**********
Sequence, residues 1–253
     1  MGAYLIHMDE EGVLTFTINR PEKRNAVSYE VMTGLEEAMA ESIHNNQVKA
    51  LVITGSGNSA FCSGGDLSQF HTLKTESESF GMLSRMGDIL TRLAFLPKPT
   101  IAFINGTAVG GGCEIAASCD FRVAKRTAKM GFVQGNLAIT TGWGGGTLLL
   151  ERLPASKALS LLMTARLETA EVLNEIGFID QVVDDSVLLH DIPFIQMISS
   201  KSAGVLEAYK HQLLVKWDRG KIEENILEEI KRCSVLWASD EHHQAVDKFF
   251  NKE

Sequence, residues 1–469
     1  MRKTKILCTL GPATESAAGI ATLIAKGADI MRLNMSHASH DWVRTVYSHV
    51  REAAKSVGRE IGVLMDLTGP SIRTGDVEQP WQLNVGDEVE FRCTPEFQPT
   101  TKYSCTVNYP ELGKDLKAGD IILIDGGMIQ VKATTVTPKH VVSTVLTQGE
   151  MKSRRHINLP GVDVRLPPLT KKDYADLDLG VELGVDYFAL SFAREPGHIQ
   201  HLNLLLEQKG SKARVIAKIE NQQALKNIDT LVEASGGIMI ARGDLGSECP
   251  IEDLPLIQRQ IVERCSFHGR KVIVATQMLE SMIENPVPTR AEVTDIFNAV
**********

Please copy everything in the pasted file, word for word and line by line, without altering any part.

Sequence, residues 1–253
     1  MGAYLIHMDE EGVLTFTINR PEKRNAVSYE VMTGLEEAMA ESIHNNQVKA
    51  LVITGSGNSA FCSGGDLSQF HTLKTESESF GMLSRMGDIL TRLAFLPKPT
   101  IAFINGTAVG GGCEIAASCD FRVAKRTAKM GFVQGNLAIT TGWGGGTLLL
   151  ERLPASKALS LLMTARLETA EVLNEIGFID QVVDDSVLLH DIPFIQMISS
   201  KSAGVLEAYK HQLLVKWDRG KIEENILEEI KRCSVLWASD EHHQAVDKFF
   251  NKE

Sequence, residues 1–469
     1  MRKTKILCTL GPATESAAGI ATLIAKGADI MRLNMSHASH DWVRTVYSHV
    51  REAAKSVGRE IGVLMDLTGP SIRTGDVEQP WQLNVGDEVE FRCTPEFQPT
   101  TKYSCTVNYP ELGKDLKAGD IILIDGGMIQ VKATTVTPKH VVSTVLTQGE
   151  MKSRRHINLP GVDVRLPPLT KKDYADLDLG VELGVDYFAL SFAREPGHIQ
   201  HLNLLLEQKG SKARVIAKIE NQQALKNIDT LVEASGGIMI ARGDLGSECP
   251  IEDLPLIQRQ IVERCSFHGR KVIVATQMLE SMIENPVPTR AEVTDIFNAV